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Raziyya al-Din (1205 – October 13, 1240) (Urdu: رضیہ سلطانہ, Hindi: रज़िया सुल्ताना), throne name Jalâlat ud-Dîn Raziyâ (Urdu: جلالۃ الدین رضیہ, Hindi: जलालत उद-दीन रज़िया), usually referred to in history as Razia Sultan, was born in *Budaun and was the Sultan of Delhi in India from 1236 to May 1240. Like some other Muslim princesses of the time, she was trained to lead armies and administer kingdoms if necessary.[dead link] Razia Sultana was the only woman ruler of both the Sultanate and the Mughal period, although other women ruled from behind the scenes. Razia refused to be addressed as Sultana because it meant "wife or mistress of a sultan". She would answer only to the title "Sultan". Razia had all qualities of a great monarch.
- 1 Reign as Sultan and Death
- 2 Legacy
- 3 Controversy regarding Razia's Grave
- 4 In popular culture
- 5 See also
- 6 References
- 7 Literature
Reign as Sultan and Death
Razia (also called Radiyya or Raziyya) succeeded her father Shams-ud-din Iltutmish to the Sultanate of Delhi in 1236. Iltutmish became the first sultan to appoint a woman as his successor when he designated his daughter Razia as his heir apparent. Razia was the first and last women ruler of Delhi Sultnate. (According to one source, Iltumish's eldest son had initially been groomed as his successor, but had died prematurely.) But the Muslim nobility had no intention of acceding to Iltutmish's appointment of a woman as heir, and after the sultan died on April 29, 1236, Razia's brother, Rukn ud din Firuz, was elevated to the throne instead.
Ruknuddin's reign was short. With Iltutmish's widow Shah Turkaan for all practical purposes running the government, Ruknuddin abandoned himself to the pursuit of personal pleasure and debauchery, to the outrage of the citizenry. On November 9, 1236, both Ruknuddin and his mother Shah Turkaan were assassinated after only six months in power.
With reluctance, the nobility agreed to allow Razia to reign as Sultan of Delhi. She dressed like a man and sat in open durbar. She was an efficient ruler and possessed all the qualities of a Monarch. As a child and adolescent, Razia had little contact with the women of the harem, so she had not learnt the customary behavior of women in the Muslim society that she was born into. Even before she became Sultan, she was reportedly preoccupied with the affairs of state during her father's reign. As Sultan, Razia preferred a man's tunic and headdress; and contrary to custom, she would later show her face when she rode an elephant into battle at the head of her army.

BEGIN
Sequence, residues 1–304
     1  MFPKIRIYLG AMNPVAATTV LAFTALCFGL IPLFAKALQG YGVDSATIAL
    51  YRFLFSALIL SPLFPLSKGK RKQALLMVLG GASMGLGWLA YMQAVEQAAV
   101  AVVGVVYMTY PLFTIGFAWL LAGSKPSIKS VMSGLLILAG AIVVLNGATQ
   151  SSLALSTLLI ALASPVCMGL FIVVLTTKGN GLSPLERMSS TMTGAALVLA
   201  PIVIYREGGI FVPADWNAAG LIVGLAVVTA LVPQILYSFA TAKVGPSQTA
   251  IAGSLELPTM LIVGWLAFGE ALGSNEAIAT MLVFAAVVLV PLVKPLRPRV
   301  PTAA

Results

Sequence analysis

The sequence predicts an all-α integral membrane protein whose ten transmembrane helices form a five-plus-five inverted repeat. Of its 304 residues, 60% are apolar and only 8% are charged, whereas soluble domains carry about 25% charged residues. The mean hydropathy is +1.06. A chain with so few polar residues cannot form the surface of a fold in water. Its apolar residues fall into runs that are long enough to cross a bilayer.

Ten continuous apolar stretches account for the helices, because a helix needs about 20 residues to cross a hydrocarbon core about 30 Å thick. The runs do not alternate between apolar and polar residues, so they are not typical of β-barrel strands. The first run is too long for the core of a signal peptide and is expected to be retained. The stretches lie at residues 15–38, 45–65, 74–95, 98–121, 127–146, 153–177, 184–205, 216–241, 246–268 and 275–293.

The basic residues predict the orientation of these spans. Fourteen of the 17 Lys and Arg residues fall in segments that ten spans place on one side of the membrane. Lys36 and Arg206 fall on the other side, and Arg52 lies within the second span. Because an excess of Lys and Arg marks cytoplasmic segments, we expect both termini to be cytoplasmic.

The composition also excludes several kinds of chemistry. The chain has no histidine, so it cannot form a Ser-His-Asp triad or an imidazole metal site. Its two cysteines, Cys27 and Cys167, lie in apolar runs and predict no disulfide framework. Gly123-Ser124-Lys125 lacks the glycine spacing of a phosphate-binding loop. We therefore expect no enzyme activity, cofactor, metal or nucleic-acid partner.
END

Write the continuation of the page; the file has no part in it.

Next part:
A shrewd politician, Razia managed to keep the nobles in check, while enlisting the support of the army and the populace. Her greatest accomplishment on the political front was to manipulate rebel factions into opposing each other. At that point, Razia seemed destined to become one of the most powerful rulers of the Delhi Sultanate.
But Razia miscounted the consequences that a relationship with one of her advisers, Jamal-ud-Din Yaqut, an Abyssinian Siddi (Habshi) slave, would have for her reign. According to some accounts, Razia and Yaqut were lovers, other sources simply identify them as close confidants. In any case, before long she had aroused the jealousy of the Turkic nobility by the favoritism she displayed toward Yaqut, who was not a Turk, when she appointed him to be Superintendent of the Stables. Eventually, a childhood friend named Malik Altunia, the governor of Bhatinda, joined a rebellion by other provincial governors who refused to accept Razia's authority.
A battle between Razia and Altunia ensued, with the result that Yaqut was killed and Razia taken prisoner. To escape death, Razia agreed to marry Altunia. Meanwhile, Razia's brother, Muizuddin Bahram Shah, had usurped the throne. After Altunia and Razia undertook to take back the sultanate from Bahram through battle, both Razia and her husband were defeated on 24th of Rabi' al-awwal A.H. 638 (Oct. 1240). They fled Delhi and reached Kaithal the next day, where their remaining forces abandoned them. They both fell into the hands of Jats and were robbed and killed on 25th of Rabi' al-awwal A.H. 638, this date corresponds to October 13, 1240. Bahram, for his part, would later be dethroned for incompetence.
Razia is said to have pointed out that the spirit of religion was more important than its parts, and that even the Islamic prophet Muhammad spoke against overburdening the non-Muslims. On another occasion, she reportedly tried to appoint an Indian Muslim convert from Hinduism to an official position but again ran into opposition from the nobles.
Razia was reportedly devoted to the cause of her empire and to her subjects. There is no record that she made any attempt to remain aloof from her subjects, rather it appears she preferred to mingle among them.
Razia established schools, academies, centers for research, and public libraries that included the works of ancient philosophers along with the Qur'an and the traditions of Muhammad. Hindu works in the sciences, philosophy, astronomy, and literature were reportedly studied in schools and colleges.